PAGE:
We really did, we explored a lot of opportunities. We looked at, all right, well, if it’s a giant touchscreen and it’s got an app that we build on it, how can we then mirror that onto somebody’s phone, if somebody doesn’t want to touch it? How can we use UV? Or what can we put on the screens? We went through these exercises, these design thinking exercises on how we can either partner with other companies or build solutions that address it, right?

Julia Raymond Hare:
Mm-hmm (affirmative).

Jeremy Brazeal:
Honestly, that is one of the first shifts back to normal that we’ve seen, is the touch side of it. People aren’t as freaked out about touching a screen as initially thought, so that’s actually just one example of how we see things return to normal pretty quickly, but then the other side of it really is, all right, well, so how do you build something once that can be everywhere?

Jeremy Brazeal:
Traditionally, a company that’s a digital retail technology company, such as ourselves, have a bit, and this is not us, but other ones might be a little bit more siloed in their thinking. All right. Well, I’m building an app for this touchscreen within retail and it’s going to be based in Android, and then I’m going to sell it in, and it’s going to be awesome and everybody’s going to be happy. We don’t take that approach and we had already started talking about, all right, well, how do we build something that isn’t limited by say a retail kiosk?

Jeremy Brazeal:
Something that can also be on the website, something that can also be on an app or on somebody’s phone, so we were already starting to go that way, and then this hit and we’re like all right. Thank God we’ve started thinking this way already. Let’s make this happen, and that’s how we are actually approaching most of our projects now.

Jeremy Brazeal:
We have this product access for example, which started as a digital screen that takes temperatures, but now it’s an entire platform that supports door lock integrations to break rooms or time clock integrations. Takes temperature. You can use it to do health check quizzes or wellness quizzes, so it’s not just about contact tracing. It’s also about the general mood of your employees. You can do these quizzes, and then it activates and scans QR codes, so-

Julia Raymond Hare:
Oh, that’s cool.

Jeremy Brazeal:
Yeah, so you can build a custom quiz, for example, but on the top of the quizzes, and send that to somebody through email, and when they’re at their home, and they can take it. And then it generates a QR code, and then when they come into work they scan the QR code, get the temperature read, and you find out all their contact tracing information, or whether they’re in a good mood, or whether they’re motivated, or whether they’re engaged, whether they’re excited about your customers.

Jeremy Brazeal:
Whatever you want to ask them, and that’s just one aspect of it, so we did pivot our business model a bit to be able to build out solutions like that, which was huge. It’s not only, all right, how else can we help you? How else can we help our partners? And, by the way, here’s something that would actually get more partners in if you need a product like this, and then, hey, maybe down the road we start talking a little bit about how we can help you with your other digital solutions or whatever. So there’s that side of what we’re doing, which has been a focus for us.

Julia Raymond Hare:
Yeah, I like that pivot for two reasons. One, because it just seems like the right thing to do. Let’s focus on your employees, who a year ago were very scared. Am I going to go to work and die? That’s something retailers had to step up and handle, but then it also touches on the flip side, which is there were a lot of retailers who got bad press, that people were saying they weren’t taking care of their employees, so that covers both angles.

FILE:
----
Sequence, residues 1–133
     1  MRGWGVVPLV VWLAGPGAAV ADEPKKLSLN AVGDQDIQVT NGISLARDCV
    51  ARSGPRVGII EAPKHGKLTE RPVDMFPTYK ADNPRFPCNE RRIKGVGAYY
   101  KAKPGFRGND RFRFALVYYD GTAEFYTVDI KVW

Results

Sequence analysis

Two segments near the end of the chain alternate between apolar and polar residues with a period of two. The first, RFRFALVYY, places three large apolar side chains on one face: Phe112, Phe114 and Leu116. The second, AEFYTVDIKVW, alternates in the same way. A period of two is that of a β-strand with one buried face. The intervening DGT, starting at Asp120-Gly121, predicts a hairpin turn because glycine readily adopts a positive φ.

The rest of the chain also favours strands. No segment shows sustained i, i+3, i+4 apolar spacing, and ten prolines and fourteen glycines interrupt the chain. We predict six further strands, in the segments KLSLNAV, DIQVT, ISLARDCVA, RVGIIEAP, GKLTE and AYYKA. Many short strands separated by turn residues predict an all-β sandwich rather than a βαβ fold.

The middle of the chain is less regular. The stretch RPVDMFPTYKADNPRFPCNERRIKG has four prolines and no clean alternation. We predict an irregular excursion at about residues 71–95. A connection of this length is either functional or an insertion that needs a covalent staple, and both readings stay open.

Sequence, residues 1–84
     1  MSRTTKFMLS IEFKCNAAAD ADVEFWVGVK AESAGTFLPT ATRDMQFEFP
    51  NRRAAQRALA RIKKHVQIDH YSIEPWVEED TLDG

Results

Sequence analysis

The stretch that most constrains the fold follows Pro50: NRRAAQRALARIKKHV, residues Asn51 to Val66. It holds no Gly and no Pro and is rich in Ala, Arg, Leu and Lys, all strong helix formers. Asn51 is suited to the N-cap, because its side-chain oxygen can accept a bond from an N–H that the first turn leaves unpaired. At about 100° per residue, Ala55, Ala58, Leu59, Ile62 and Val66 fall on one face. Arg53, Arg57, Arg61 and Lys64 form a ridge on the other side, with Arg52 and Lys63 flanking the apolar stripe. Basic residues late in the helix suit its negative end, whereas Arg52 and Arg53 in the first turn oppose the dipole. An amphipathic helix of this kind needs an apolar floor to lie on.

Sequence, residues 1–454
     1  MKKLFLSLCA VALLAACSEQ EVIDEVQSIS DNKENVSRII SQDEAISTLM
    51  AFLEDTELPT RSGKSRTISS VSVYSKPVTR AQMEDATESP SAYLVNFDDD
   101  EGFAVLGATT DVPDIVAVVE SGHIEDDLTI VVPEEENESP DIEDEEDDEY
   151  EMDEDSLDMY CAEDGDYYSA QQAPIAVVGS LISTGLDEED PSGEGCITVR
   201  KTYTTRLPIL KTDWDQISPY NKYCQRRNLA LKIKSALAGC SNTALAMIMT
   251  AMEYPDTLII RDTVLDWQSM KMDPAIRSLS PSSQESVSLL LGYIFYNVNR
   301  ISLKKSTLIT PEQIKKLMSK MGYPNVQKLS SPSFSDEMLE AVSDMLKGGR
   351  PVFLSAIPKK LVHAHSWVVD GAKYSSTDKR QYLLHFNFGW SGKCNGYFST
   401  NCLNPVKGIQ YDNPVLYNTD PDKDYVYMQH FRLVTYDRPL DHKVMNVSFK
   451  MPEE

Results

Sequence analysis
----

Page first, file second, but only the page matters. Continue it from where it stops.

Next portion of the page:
Julia Raymond Hare:
You spoke earlier about being where the customer is, and I think when people hear that their brains, and I’m not speaking for everyone, but a lot of people go straight to okay, yeah. That means the retailer is on all the channels that I shop on, but it’s more than that, because now we’re entering this new era that you’re heading up where the digital experience that they expect in store is also on their phone, is also on desktop, is also on any channel that they’re interacting with, so it’s not just the ability to have a transaction. It’s actually digital experiences are everywhere.

Jeremy Brazeal:
Yes, so we’re seeing the dawn of definitely a new age in that, and I think this happened a long time ago, to be honest, but I think there are some companies or businesses that were a bit in denial about it, and there are some huge challenges within, it’s a lot.

Jeremy Brazeal:
For example, it’s easier for a smaller mom-and-pop type business. Maybe they have two or three stores to build digital experiences where they can meet somebody in their house, but then they don’t tend to have the budgets to maybe do that type of thing. Maybe they do, but it’s the bigger companies that are then like all right. Well, how do I, what will be the reason for that retail, the more brick-and-mortar, if you want to call it that, location, if everybody’s just not going to leave their house, so let’s get people to the brick and mortar location because they want, there’s a localization need, right?

Jeremy Brazeal:
If you’re a big brand and you have say a bunch of brand stores, you need that brand store to really get credit for the sales, to keep the sales associates involved in the process. All that type of stuff, so if you build a digital solution that is more of say not global in the sense of global world, but global as in one solution for all your retailers, right? And it doesn’t localize that connection to your sales associates, that’s a problem, so you have to think that path too.